With spring finally here, many of us are eager to begin sprucing up and planting in our yards. For the most robust and environmentally friendly yard you can have, it's important to remember to plant native. There are a variety native flowers, grasses, and shrubs that homeowners can plant to ensure the health of their yards and the wildlife that visits it.
One of the most important visitors to a yard's springtime bloom are our local pollinators. Butterflies, moths, bees, hummingbirds, and bats may be visiting your yard during this time of year to feast on the new bounty that spring offers. By planting native in our yards, we prevent these animals from being exposed to toxic pesticides, while planting plants that are already adjusted for our soils and environmental conditions. A wide variety of native plants will attract an array of pollinators, turning your yard into a must-see stop on these animals' journeys.
Research has shown that specific colors of flowers tend to attract certain types of pollinators. For a yard buzzing with bees, purple flowers are the ones to plant. For butterflies and moths, pink flowers win them over, while our beetles and ants tend to favor white and yellow. Therefore, a mix of butterfly weed, coneflower, milkweed, penstemon, and sweetspire could be planted to please all these pollinators needs. The more colors you plant, the more of a chance you'll have to attract different pollinators to your yard.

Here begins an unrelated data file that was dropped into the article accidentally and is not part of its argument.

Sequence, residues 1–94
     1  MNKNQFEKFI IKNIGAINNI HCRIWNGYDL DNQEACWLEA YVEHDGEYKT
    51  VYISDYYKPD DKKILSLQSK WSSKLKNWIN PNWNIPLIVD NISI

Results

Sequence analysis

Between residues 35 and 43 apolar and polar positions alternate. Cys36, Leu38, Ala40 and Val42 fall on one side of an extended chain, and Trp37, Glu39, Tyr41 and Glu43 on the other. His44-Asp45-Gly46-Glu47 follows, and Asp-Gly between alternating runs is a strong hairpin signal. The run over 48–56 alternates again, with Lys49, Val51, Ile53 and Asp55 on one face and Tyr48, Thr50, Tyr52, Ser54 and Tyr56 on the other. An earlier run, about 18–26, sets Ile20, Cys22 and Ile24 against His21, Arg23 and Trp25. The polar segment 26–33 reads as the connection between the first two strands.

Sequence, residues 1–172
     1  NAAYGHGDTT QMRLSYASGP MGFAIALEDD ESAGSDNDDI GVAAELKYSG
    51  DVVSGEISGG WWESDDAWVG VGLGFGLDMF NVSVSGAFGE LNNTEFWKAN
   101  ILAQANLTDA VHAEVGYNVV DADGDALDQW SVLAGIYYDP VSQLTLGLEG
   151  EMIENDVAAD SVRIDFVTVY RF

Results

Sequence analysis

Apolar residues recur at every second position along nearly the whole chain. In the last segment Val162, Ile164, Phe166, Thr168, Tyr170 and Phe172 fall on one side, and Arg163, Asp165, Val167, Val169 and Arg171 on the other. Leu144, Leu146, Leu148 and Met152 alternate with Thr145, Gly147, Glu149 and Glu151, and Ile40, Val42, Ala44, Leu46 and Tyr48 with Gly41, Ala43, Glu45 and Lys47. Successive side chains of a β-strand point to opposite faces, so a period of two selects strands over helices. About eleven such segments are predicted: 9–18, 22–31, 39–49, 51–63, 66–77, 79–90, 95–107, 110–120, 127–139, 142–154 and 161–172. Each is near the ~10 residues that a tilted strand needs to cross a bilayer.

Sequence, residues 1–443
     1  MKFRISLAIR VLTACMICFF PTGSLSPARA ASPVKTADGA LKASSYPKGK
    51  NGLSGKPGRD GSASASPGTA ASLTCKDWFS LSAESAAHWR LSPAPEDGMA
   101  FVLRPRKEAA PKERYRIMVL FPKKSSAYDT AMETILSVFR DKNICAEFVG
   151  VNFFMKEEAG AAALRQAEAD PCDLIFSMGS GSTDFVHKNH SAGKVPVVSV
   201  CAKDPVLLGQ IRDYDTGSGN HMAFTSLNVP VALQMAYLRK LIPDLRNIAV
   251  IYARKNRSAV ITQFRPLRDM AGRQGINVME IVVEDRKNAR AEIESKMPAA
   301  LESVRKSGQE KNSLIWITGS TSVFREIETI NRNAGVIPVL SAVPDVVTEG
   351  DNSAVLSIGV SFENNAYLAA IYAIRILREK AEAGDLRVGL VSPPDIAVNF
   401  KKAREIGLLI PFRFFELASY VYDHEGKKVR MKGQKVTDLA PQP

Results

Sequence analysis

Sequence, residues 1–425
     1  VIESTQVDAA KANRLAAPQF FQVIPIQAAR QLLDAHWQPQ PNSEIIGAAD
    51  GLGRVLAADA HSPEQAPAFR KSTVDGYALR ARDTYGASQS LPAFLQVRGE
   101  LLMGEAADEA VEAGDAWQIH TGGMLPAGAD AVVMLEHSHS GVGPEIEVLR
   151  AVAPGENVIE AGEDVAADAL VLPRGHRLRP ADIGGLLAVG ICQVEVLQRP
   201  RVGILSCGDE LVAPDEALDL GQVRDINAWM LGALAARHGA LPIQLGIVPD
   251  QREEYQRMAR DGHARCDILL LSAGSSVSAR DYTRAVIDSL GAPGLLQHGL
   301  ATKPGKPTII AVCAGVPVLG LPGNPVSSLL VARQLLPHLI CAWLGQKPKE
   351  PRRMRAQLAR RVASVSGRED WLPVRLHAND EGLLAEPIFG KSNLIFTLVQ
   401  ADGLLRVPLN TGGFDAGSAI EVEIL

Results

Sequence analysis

In addition to our wildflowers, our yards may need some additional grasses or shrubs. Native grasses and shrubs, just like our wildflowers, are adapted for the soils in our community and are resistant to conditions such as drought and excessive heat. Switchgrass, fescue, and little bluestem can help bring a wild meadow feel to your yard, while also helping with stormwater runoff and erosion. Native shrubs, such as elderberry and chokeberry, provide valuable food for our flying feather friends, while also providing additional color and shape to a yard's landscape.
When preparing to plant your yard this spring, remember to plant native. It's important for the health of our community, wildlife, pollinators, and watershed. For more information on native yard planting you can visit the Rye Nature Center or check out the wonderful resources that the Rye Sustainability Committee has compiled here!
-AJ Johnson, Director of Strategic Initiatives